The Details on Delta's Virgin Atlantic Deal


Delta Air Lines (NYSE: DAL) is buying 49% of Virgin Atlantic from Singapore Airlines for $360 million, giving the Atlanta-based carrier greater access to the lucrative trans-Atlantic route.

The joint venture will give Delta and Virgin Atlantic more flights at Heathrow Airport in England, the second busiest airport in Europe. Delta will now be able to compete for business travel in this market against United Airlines-Continental (NYSE: UAL) and American Airlines (NASDAQOTH: AAMRQ). The trans-Atlantic traffic is a major reason why US Airways (NYSE: LCC) has been pursuing a union with American Airlines, even though the latter is in bankruptcy. American dominates travel between the U.S. and London through its partnership with British Airways, controlling 60% of the market.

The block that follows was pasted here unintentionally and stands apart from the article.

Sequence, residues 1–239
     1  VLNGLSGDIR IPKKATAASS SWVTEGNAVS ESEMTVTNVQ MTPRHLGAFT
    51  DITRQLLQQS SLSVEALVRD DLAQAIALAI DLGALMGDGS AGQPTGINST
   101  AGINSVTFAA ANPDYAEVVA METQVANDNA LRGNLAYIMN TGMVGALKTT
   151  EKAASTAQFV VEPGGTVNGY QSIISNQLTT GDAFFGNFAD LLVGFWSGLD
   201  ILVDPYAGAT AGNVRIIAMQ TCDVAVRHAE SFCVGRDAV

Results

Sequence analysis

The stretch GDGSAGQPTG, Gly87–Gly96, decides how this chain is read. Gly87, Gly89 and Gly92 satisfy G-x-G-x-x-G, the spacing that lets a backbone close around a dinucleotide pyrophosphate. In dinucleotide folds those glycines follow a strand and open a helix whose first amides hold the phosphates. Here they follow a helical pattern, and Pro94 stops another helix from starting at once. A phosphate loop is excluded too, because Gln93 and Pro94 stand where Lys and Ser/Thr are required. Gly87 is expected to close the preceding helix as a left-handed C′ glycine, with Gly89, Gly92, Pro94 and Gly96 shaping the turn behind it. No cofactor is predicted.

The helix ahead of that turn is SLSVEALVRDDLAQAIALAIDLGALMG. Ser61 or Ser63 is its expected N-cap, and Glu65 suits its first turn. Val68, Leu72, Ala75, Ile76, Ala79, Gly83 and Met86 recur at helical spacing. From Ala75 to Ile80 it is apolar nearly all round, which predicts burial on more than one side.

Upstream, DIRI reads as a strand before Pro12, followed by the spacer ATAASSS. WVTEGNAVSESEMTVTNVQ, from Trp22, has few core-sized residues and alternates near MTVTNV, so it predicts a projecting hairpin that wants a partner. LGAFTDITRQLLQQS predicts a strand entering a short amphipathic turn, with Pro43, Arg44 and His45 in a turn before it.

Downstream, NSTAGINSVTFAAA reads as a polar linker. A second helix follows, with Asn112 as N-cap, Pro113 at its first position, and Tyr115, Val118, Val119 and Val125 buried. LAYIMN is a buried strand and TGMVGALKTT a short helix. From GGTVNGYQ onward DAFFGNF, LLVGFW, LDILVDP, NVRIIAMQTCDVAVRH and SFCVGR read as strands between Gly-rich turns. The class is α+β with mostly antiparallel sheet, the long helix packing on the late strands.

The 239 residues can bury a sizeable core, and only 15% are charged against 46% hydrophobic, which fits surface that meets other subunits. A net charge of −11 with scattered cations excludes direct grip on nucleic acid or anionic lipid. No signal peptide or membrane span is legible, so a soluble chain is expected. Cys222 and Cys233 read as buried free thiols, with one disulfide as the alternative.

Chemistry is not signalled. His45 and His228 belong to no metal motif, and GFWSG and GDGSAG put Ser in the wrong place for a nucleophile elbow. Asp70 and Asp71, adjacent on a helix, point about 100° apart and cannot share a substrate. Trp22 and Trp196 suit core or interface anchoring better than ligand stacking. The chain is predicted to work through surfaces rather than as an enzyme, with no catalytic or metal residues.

The second biggest carrier in the world by passenger traffic, Delta will now be able to leverage Virgin Atlantic's luxury brand to increase revenue for flights in and out of London. The new union will be "very positive and accretive for our long-term partners ... KLW, Air France and Alitalia," according to Delta CEO Richard Anderson. Virgin Atlantic CEO Richard Branson was similarly bullish, stating that the deal, which was two years in the making, "signals a new era of expansion."

Delta and Virgin Atlantic will be applying for antitrust immunity that will allow for scheduling, fare pricing, and other joint operations. While there are concerns about resistance from the U.S. Department of Justice, American initiated its market-leading alliance with British Airways in 2010. That same year, United was also able to merge with Continental to create the world's largest airline.

According to Delta, the purchase from Singapore Airlines -- which bought its stake in Virgin Atlantic for $965 million in 1999 -- does not depend on receiving antitrust immunity. After the deal's announcement, Delta's share price rose more than 5%, to over $10.65.

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